In 2011 29% of profit warnings issued by FTSE350 companies were attributed to rising resource prices. Little wonder then that the Government’s Resource Security Action, published last week, grew out of these private sector concerns.
Admittedly, expectations around the plan itself weren’t particularly high. Being the first significant chunk of resource management policy since Defra’s disappointing Waste Review last summer, I for one wasn’t going to hold my breath.
When it landed on my lap, some immediate headline-sniffing began. On first glance I wasn’t impressed - £200,000 to help businesses come up with some inventive thinking around closed loop recovery models is almost insulting. Someone asked me if it was a typo – “surely they mean £2 million?” – err, no. It really is that paltry.
To put that into context, take the £250 million fund that Eric Pickles managed to squeeze out of Treasury coffers to entice the return of weekly bin rounds. This is failing to deliver because the environmental economics of such a switchback don’t stack up.
Basically, the Government is prioritising the state of our nation’s wheelie bins ahead of the global issue of critical materials scarcity. How very reassuring. Anyway I digress – back to those headlines.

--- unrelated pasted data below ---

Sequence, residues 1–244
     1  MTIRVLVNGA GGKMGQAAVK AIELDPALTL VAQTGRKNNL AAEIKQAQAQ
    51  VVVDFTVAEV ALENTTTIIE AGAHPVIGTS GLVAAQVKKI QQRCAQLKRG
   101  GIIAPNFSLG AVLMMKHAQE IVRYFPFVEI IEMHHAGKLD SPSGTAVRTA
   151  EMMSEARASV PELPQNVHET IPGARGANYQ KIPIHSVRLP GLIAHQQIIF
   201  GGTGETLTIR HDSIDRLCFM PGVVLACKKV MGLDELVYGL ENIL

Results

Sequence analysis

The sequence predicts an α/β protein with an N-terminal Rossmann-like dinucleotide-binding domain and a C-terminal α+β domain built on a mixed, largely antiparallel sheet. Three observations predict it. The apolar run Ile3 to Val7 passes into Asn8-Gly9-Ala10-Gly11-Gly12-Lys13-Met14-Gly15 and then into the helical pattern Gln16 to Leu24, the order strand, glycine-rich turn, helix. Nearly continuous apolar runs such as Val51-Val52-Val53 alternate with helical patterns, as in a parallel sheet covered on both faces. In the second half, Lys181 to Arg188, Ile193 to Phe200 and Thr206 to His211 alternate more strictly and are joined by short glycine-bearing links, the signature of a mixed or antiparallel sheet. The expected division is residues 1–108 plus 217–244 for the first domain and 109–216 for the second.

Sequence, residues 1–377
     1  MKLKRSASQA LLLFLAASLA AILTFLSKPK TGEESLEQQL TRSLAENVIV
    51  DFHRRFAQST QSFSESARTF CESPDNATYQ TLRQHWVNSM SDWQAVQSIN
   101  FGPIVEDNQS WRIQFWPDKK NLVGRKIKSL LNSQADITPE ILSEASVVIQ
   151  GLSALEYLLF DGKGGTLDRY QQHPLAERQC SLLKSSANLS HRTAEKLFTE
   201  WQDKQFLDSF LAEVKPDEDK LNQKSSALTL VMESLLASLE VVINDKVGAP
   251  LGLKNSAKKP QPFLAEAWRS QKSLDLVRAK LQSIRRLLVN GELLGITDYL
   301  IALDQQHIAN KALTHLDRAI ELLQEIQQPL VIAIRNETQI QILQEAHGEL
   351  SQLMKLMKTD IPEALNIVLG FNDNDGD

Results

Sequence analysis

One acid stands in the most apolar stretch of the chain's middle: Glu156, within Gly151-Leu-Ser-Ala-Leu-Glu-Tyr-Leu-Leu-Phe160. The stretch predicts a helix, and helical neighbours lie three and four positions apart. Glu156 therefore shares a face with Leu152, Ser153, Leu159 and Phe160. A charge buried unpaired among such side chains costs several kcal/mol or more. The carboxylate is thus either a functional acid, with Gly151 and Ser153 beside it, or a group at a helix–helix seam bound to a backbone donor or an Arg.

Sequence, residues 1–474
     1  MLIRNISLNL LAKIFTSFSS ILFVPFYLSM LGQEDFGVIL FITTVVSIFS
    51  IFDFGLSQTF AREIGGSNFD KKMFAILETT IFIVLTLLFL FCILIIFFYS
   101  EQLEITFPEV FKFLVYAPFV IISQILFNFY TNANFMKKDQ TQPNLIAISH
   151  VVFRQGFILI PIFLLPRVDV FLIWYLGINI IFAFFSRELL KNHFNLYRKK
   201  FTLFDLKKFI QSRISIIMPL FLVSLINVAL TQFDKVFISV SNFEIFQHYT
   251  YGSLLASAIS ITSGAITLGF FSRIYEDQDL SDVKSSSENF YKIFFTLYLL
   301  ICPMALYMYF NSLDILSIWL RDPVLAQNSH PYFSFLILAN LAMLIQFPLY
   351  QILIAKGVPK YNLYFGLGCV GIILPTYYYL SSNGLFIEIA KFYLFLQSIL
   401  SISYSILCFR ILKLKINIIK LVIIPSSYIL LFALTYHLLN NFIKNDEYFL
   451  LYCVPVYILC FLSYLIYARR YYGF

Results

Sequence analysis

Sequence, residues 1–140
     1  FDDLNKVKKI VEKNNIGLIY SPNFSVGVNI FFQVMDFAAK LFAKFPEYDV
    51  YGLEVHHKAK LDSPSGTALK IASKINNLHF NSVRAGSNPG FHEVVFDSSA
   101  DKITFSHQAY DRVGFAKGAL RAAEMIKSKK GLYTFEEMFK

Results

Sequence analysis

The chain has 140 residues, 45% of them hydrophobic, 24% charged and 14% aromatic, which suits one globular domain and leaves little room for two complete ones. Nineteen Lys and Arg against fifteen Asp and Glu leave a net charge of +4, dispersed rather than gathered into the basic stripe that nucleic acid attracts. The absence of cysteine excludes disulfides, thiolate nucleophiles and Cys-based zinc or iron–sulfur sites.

The most interesting and arguably most valuable action the plan sets out is to map and analyse material flows across the UK, initially targeting WEEE hotspots. WRAP is to take the lead in this work, but there is little detail as to how it will work.
The document does show a simple little diagram though labelled ‘UK materials flow’ – which looks like a national rail train route map. Some high level critical flow analysis will be embedded into this, apparently.
My question would be, well how? And do we have the data – or rather, enough data – to do this? Especially when so much of our WEEE is notoriously leaking (excuse the pun) out of the system. Presumably you would have to start mapping certain parameters like business waste arisings, by material type, geography and sector – that type of thing.
I remember a talk given by Peter Scholes on commercial waste last year. He heads up the Urban Mines consultancy and has done a lot of work in trying to do some trend analysis around these arisings and how they fluctuate.
He said at the time it was a real challenge, mainly because he had limited data to work with. Government surveys are carried out intermittently – sometimes years apart – and so trying to build up a consistent picture is near impossible.
Those concerns aside, I think such a mapping project has real potential. It fits in with the quest towards a circular economy where companies can derive value from the flow of natural resources and ecosystems and start to take a few risks with alternative business models.
There are a few other measures outlined within the plan, but really, it is just a foundation wireframe at present. What will be more noteworthy are the outcomes that come out of those intentions, and for that we will have to wait a little while longer.
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